The non-waiver Trade Deadline is considered the height of the summer transaction season, but trades do not stop on July 31. However, in order to deal a player on its 40-man roster after that date, a team must go through the waiver system.
Just last season, Carlos Ruiz (Phillies to Dodgers), Marc Rzepczynski (A's to Nationals), Coco Crisp (A's to Indians) and Fernando Salas (Angels to Mets) were among the players dealt in August. On occasion, there is also a major trade during the waiver period. For example, on Aug. 25, 2012, the Dodgers and Red Sox pulled off the massive nine-player swap that sent Adrian Gonzalez, Carl Crawford, Josh Beckett and Nick Punto to Los Angeles.
• Glossary: Trade waivers and the Aug. 31 "Deadline"
How do August trades work? Here's a primer:
• It's important to note that teams expose most of their players, except those on the disabled list, to revocable waivers at some point during August. So that act, by itself, does not mean much, as there is no risk involved.
• When a player is on waivers, other teams can submit a claim. If more than one team does, those in the same league as that player's team get first priority, starting with the club with the worst record on the day of the claim. Then, the priority moves to the other league, starting with the worst record. For example, if a National League team puts a player on waivers, the NL team with the worst record gets the first shot at him, and the last-place American League club would be right behind the top NL club.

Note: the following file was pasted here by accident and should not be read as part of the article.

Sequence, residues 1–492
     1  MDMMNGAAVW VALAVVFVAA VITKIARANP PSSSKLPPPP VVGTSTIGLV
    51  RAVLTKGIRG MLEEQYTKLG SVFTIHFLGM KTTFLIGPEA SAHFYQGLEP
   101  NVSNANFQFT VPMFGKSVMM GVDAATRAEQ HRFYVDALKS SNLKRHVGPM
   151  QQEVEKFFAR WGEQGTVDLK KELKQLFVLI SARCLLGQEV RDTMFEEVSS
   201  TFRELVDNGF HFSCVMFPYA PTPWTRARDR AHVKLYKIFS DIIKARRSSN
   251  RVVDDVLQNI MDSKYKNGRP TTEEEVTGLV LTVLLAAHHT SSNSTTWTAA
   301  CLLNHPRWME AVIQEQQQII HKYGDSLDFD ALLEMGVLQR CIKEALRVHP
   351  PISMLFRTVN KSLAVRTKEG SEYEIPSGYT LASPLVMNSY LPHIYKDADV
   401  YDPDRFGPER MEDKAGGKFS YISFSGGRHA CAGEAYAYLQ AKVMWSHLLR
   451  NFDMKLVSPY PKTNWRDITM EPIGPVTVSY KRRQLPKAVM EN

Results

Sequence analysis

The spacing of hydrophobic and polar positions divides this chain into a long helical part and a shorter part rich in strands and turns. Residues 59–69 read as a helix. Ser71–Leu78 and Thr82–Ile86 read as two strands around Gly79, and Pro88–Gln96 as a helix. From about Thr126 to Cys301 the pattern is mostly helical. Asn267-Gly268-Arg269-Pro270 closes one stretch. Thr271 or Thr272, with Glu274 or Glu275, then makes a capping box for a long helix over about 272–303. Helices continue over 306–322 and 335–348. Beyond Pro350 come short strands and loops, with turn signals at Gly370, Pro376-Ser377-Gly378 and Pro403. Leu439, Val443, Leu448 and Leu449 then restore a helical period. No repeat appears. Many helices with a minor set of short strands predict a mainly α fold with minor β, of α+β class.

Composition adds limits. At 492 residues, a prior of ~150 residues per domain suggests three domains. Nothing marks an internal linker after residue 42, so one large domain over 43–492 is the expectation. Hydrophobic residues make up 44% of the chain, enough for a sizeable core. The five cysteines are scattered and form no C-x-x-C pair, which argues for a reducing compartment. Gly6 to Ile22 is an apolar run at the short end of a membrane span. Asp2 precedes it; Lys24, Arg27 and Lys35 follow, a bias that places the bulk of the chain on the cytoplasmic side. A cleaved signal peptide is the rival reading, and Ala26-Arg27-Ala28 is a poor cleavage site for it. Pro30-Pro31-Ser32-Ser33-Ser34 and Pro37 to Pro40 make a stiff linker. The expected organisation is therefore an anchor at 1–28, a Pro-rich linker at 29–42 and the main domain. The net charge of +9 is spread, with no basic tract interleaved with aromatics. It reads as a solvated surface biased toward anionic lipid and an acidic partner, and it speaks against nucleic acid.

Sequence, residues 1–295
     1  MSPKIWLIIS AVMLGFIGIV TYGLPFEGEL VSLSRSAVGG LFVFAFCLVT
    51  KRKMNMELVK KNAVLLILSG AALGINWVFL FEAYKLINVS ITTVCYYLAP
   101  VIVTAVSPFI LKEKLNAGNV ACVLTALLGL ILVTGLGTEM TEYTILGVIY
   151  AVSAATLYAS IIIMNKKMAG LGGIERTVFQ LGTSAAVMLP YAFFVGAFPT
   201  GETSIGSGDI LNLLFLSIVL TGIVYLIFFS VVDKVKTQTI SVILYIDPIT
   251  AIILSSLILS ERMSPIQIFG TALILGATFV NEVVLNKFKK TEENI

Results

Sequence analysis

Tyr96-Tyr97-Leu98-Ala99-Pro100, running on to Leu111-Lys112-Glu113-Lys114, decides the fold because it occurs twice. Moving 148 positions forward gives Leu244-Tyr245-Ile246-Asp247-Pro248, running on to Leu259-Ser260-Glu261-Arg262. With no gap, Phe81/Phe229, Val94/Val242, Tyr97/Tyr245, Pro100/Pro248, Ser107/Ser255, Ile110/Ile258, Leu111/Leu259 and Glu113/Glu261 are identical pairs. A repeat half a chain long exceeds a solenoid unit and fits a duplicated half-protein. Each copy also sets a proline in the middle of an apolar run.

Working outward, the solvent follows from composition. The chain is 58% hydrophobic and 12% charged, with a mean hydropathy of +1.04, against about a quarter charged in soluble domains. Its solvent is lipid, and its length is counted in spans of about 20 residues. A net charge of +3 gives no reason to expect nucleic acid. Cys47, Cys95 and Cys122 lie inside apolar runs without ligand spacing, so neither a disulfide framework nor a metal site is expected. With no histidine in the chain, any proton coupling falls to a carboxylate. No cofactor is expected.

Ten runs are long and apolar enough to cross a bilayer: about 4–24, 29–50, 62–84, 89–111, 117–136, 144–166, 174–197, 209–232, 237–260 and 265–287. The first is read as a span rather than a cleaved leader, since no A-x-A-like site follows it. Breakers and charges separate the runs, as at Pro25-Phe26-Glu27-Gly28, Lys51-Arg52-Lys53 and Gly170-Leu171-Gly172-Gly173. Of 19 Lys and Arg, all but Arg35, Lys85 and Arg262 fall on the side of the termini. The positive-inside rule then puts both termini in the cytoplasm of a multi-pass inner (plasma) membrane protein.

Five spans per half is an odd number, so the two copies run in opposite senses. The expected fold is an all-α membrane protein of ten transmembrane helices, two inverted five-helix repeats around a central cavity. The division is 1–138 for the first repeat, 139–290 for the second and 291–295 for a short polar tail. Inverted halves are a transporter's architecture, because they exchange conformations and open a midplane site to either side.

• Once a player is claimed, his team faces three options. It can pull the player back and keep him, negotiate a trade with the claiming team or let the player go. In the last scenario, the claiming team takes full responsibility for the player's remaining salary. If the two sides decide to work out a trade, they have two days to do so.
• If a player goes unclaimed for two days, he "passes through" waivers. His team then can trade him to any other team for the rest of the season, unless he has a no-trade clause, a limited no-trade provision or 10/5 rights (10 years in the Majors, five consecutive years with his current team).
• Players dealt after Aug. 31 are not eligible to participate in the Postseason.
• A team can pull a player back from waivers only once. So if a player is pulled back, but then placed on waivers a second time and claimed, his rights go to the team that is awarded the claim.
Andrew Simon is a reporter for MLB.com. Follow him on Twitter @AndrewSimonMLB. This story was not subject to the approval of Major League Baseball or its clubs.